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The Scene From American Horror Stories: Drive In That Went Too Far

"American Horror Stories" continues its onslaught with its second story in the third episode, "Drive In" — a firmly self-aware horror tale about the concept of cursed films. Many films are dubbed cursed because of the fate of the stars. "Poltergeist" is a prime example of this. The tragic deaths of "Poltergeist" stars Dominique Dunne and Heather O'Rourke are sometimes attributed to the supposed curse on the film.

"Drive In" takes the opposite approach. "Rabbit Rabbit," the cursed film in "Drive In" is rumored to cause anyone who watches it to turn ultra violent — and it just so happens to be true. There's some historical precedent for this as a concept. There was, for example, a riot when Stravinsky's ballet "The Rite of Spring" first debuted in Paris on May 29, 1913 (via BBC). Whether or not it was really the music which caused the riot is a source for some debate, but there are enough reports to confirm that something did happen. The idea of a horror film that literally incites violence is interesting, albeit controversial. After all, the debate over violence in media rages on. Even now, we discuss whether or not violence in media directly correlates to violence in real life. There's a reason Tipper Gore appears in this episode — she notoriously helped form the Parents Music Resource Center and fought to have explicit content labels placed on music she deemed to filthy for children (via uDiscoverMusic).

But as tempting as it is to go political and say the lionizing of Tipper Gore in "Drive In" is the most "too far" moment in the episode, there's something else a lot more ridiculous that's worth calling out.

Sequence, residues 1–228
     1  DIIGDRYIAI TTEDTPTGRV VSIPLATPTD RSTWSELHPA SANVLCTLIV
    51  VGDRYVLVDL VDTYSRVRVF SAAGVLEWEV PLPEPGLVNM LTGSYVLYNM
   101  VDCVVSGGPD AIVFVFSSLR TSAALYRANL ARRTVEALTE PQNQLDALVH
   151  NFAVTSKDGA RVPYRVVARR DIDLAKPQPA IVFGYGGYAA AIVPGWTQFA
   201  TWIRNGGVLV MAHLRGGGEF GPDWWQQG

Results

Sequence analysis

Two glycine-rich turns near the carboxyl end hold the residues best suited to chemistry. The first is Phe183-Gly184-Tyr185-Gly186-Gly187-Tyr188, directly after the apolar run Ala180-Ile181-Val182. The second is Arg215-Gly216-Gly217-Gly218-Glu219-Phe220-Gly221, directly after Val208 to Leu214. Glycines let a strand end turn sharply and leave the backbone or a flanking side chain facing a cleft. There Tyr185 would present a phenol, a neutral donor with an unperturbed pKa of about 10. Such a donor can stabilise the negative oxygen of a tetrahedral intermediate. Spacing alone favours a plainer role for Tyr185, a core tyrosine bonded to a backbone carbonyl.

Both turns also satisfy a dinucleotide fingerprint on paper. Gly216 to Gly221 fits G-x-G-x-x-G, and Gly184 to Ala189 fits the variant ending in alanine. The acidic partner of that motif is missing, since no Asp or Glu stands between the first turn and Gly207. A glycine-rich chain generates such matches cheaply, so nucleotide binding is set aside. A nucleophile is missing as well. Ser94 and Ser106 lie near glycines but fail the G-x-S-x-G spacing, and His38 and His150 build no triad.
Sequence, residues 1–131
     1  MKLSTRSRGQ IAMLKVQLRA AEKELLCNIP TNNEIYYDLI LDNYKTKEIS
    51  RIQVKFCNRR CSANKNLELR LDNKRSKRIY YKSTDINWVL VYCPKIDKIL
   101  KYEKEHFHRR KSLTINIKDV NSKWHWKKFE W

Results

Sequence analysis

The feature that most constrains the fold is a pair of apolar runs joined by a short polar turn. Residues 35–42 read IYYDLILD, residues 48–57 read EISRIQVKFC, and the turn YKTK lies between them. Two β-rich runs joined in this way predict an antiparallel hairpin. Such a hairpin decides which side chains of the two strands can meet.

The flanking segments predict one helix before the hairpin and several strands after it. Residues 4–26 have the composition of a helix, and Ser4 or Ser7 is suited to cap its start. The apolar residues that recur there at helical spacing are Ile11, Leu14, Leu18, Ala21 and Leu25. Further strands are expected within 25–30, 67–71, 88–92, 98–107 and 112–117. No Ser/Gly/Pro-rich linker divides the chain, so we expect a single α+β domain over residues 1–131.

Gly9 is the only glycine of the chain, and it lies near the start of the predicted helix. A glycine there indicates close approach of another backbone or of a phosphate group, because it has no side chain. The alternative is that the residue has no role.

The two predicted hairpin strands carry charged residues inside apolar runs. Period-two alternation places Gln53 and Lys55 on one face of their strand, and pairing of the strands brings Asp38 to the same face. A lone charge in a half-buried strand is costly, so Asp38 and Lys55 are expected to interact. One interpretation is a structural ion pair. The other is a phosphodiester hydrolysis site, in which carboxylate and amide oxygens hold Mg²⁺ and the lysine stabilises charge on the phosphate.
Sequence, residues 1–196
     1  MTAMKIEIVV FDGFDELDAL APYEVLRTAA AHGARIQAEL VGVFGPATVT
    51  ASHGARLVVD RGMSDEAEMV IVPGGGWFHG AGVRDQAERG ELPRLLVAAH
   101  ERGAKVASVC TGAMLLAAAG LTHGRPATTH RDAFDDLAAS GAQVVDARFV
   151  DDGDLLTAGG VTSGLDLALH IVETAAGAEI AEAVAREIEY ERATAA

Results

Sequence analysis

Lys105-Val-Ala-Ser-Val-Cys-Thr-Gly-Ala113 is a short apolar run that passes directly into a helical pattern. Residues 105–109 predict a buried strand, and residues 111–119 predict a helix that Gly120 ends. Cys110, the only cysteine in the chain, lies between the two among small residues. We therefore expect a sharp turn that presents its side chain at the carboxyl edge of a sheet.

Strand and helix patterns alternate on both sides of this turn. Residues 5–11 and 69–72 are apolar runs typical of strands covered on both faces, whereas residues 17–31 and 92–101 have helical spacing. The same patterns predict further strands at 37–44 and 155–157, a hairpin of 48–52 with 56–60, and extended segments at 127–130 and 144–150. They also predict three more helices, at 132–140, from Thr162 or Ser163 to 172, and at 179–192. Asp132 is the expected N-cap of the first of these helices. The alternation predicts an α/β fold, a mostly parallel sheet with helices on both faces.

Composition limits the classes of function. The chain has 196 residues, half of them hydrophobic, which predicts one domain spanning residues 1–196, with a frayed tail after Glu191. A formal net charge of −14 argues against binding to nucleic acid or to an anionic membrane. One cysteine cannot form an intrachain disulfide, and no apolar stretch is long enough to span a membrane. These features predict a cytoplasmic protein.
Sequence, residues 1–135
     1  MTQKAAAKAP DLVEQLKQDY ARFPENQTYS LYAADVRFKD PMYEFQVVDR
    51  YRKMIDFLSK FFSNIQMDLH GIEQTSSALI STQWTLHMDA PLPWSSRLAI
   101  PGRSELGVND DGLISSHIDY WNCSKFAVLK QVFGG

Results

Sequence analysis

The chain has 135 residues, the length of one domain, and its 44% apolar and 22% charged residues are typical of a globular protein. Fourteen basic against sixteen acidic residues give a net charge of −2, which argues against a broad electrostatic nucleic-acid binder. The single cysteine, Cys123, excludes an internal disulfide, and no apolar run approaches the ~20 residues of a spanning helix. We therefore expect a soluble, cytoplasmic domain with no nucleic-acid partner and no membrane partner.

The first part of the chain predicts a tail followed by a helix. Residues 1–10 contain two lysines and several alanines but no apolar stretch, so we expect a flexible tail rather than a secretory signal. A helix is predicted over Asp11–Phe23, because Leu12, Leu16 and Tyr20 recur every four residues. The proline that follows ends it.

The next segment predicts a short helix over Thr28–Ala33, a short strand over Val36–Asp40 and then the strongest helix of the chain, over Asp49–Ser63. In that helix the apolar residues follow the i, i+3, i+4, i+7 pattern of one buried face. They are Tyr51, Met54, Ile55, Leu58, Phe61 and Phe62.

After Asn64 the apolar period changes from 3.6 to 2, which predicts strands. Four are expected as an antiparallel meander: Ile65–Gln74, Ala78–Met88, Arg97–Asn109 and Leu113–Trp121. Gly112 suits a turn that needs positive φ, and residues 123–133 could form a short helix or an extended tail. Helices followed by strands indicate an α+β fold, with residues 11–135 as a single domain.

About that Rolls Royce

There are lots of things from "Drive In" we could judge as going too far. It's certainly a bummer watching a new horror story engage with old tropes by killing off the one non-binary character Dee (Ben J. Pierce) in the friend group first. But what we want to focus on is "Rabbit Rabbit" itself and its ultimate fate. Larry Bitterman (John Carroll Lynch) resurrects "Rabbit Rabbit" by recutting the film from a work print — a dodgy prospect from the word go. The likelihood of a workprint being viewable enough on a big screen to sell tickets is a little dodgy to begin with and that's before you calculate for the possibility that the film materials could've easily been damaged if vinegar syndrome had set in. It doesn't look like Bitterman takes great care of the movie print, so just from a film geek perspective, there are technical, nit-picky questions to be had.

However, nothing is more ridiculous than the specifics of how "Drive In" ends. We see the surviving heroes Chad (Rhenzy Feliz) and Kelley (Madison Bailey) making love when, as if by magic, Chad's Netflix automatically updates to show that "Rabbit Rabbit" is available to stream. That's not how Netflix really works. Moreover, we end by looking out the window and seeing chaos reign through the night with fires burning and people screaming everywhere. Didn't Netflix just add the movie? How many people have already chosen to watch a film that's largely unheard of by the average movie watcher? But more than anything there's the scene in which Larry screams that Chad and Kelley won't like the reason why Larry is able to own a Rolls Royce. Even a cheap Rolls Royce costs over $300,000 and we are meant to believe that Netflix would've paid in excess of that to Bitterman for a relatively unknown older film sourced from a workprint whose rights he might not even technically own?